Matt: Growing up Asian in dominantly white culture, it hit deeply every time I felt othered. I remember dreading every ‘Australia Day’ because I knew at some point someone would yell race-related abuse at me while speeding past in car. So, when I was in a position to gather people together to create music together, I naturally and unconsciously gravitated to creating a space where people who have shared in that feeling of being othered, can feel delighted and happy and mischievous and daring. So with that ethos of just wanted to include different people and intersectionalities, that we have this very big band of queer, trans, non-binary, disabled, First Peoples, BIPOC and refugee artists.
The Obscure Orchestra encompasses more than 20 members – are you able to share any insight into how the ensemble operates and how you all approach the art of creating as a collective?
Matt: I’m happy let Jodie partially answer this one, because I’m so in it that I don’t describe it very well. But essentially, we gather together like a bunch of ninja turtles called into action, gather in a room, catch up, laugh and play tunes.
When I’m writing the music, I’ll get to point where I can’t play a certain instrument as well as someone in the ensemble, or I can’t rap or sing beautifully, so I’ll invite someone from OO over for dinner and a recording session at my home studio. Up until now, I’ve written most of the music, before it’s orchestrated by OO member Fin Nichol-Taylor to make sense for the musicians we have — but we’re beginning to share the ‘composer’ hat around, which this Companions project is a big part of.
Jodie: I see the ensemble as a peak example of community. Yes, we each play an instrument (or many!), but I think we each really prioritise our membership and support each other, and this comes out in the music we make. Our personal stories and friendships are a guiding force in our musical connections, and this is what makes creating music together so magical.
Obscure Orchestra will be performing Companions as part of this year’s ΩHM Festival at Brisbane Powerhouse. You’ll both be joined by Erin Fitzsimon (aka INIGO) and composer Han Reardon-Smith. Without giving too much away, can you tell us a little bit about the conceptual crux of the show and what audiences can expect?
Matt: I’m going to give the credit here to Jodie! Building off the Obscure Orchestra spirit of collaboration with people with experiences of disability, she came up with the concept for the show, did all the ground work and, really, this show is hers.
Jodie: Companions is a project at the intersection of a few areas of my life, and I’m really honoured I could realise this alongside Obscure Orchestra.
The idea for this show was inspired by my friendship with vocalist Erin Fitzsimon, who is one of the guests on the program. Erin was the first friend I met when I moved to Brisbane in 2013. For a decade, we have witnessed each other grow up and held each other through some incredible and life-changing events. Companions is my attempt at creating space where I can make music with my friends who have different accessibility requirements that are not typically considered within a music performance context (in Erin’s case: light, sound, and motion sensitivities). Often, accessibility is considered for the audience, but it isn’t as common to have it considered for the performers. So, this show is an exercise in what that might look and sound like.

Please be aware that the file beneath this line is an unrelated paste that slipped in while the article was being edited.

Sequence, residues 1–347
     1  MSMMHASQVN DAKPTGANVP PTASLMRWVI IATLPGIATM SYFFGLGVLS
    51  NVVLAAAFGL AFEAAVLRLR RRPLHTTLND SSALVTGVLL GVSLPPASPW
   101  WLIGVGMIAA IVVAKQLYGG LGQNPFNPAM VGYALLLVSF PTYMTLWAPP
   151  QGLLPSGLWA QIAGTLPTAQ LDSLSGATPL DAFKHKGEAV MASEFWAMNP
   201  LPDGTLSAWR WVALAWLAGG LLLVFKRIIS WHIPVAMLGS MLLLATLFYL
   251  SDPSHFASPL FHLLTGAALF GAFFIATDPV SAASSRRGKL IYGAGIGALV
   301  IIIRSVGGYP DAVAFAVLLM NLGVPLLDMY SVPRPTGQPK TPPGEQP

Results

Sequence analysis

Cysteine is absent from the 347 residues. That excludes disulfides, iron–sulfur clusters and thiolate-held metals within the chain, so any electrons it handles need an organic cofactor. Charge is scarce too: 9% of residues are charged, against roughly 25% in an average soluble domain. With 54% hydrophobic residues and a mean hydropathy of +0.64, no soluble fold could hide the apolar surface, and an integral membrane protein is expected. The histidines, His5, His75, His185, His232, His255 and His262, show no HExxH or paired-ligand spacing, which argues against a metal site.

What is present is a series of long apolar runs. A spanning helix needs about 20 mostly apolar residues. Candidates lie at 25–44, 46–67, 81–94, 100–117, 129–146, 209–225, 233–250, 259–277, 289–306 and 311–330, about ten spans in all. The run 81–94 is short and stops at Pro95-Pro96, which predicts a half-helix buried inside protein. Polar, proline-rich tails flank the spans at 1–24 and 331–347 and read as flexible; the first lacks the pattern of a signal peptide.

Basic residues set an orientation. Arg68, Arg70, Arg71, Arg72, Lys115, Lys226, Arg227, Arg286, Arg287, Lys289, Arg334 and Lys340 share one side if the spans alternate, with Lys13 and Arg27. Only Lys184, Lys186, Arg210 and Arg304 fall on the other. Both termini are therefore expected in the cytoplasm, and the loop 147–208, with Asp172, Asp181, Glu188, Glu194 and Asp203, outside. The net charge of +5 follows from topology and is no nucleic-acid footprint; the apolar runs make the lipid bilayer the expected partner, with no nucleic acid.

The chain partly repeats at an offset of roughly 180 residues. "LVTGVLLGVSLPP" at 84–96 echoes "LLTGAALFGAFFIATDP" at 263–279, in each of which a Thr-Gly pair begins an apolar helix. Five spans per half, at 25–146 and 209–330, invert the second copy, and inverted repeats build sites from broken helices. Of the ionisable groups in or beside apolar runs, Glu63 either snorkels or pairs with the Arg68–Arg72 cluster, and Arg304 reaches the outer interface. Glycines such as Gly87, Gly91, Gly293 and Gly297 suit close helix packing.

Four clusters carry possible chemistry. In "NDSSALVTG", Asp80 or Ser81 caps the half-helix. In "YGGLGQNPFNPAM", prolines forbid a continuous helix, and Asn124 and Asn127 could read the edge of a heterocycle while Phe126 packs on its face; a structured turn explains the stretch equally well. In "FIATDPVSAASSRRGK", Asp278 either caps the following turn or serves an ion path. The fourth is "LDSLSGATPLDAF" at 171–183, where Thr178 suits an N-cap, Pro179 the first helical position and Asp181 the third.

The title comes from my research work with Han Reardon-Smith, where we investigate a concept called companion thinking. This is where we work – with ideas and non-musical elements as companions. We befriend the unknown and honour the processes of discovering what else might be possible when we listen vulnerably beyond our limitations.
In the context of this show, accessibility became our companion. In short, it’s a sensory-friendly performance of live instrumental pop music. Fin is arranging the music to be soft-textured, with elements like muted brass, thinner textures, and dampened percussion. Seating will flexible: bar tables, chairs, and floor cushions are a few options. Lighting will be controlled, with no strobes, haze, or moving visuals. We encourage snapping fingers instead of clapping hands, and resources such as AusLan and quiet zones will be available.
You’re both huge proponents of advocacy through music. In what ways do you both believe that music can be a galvanising force for change, particularly when it comes to improving representation of marginalised communities and spreading awareness of contemporary societal issues?
Matt: I think music, and entertainment at large, is a huge force for challenging norms and establishing new ‘norms’ in our culture. Crucially, music is something people seek out, it’s vital and intrinsic to our humanity, as is telling and sharing stories, which music often is. Not everyone’s going to seek out a heady article about a social issue, but they’ll seek out art. That combination of joy, leisure, and seeing each other, every kind of person, through that music/art/entertainment is why it’s so powerful.
Jodie: I echo the “joy” part – listening and playing music are the few experiences where I lose track of time and connect with myself and others. Existing in this space creates a new reality; my train of thought become less practical and more in-the-moment. Music allows us to offer and receive stories in creative ways. Personally, making music and storytelling with Obscure Orchestra has helped me understand who I am, and I think understanding our own self is the biggest step we can take to understanding other people. So the change happens within us personally, and music is a resource to help us along the way.
Catch the Obscure Orchestra on Friday March 8 when it performs Companions as part of ΩHM Festival – tickets can be purchased now from the Brisbane Powerhouse website.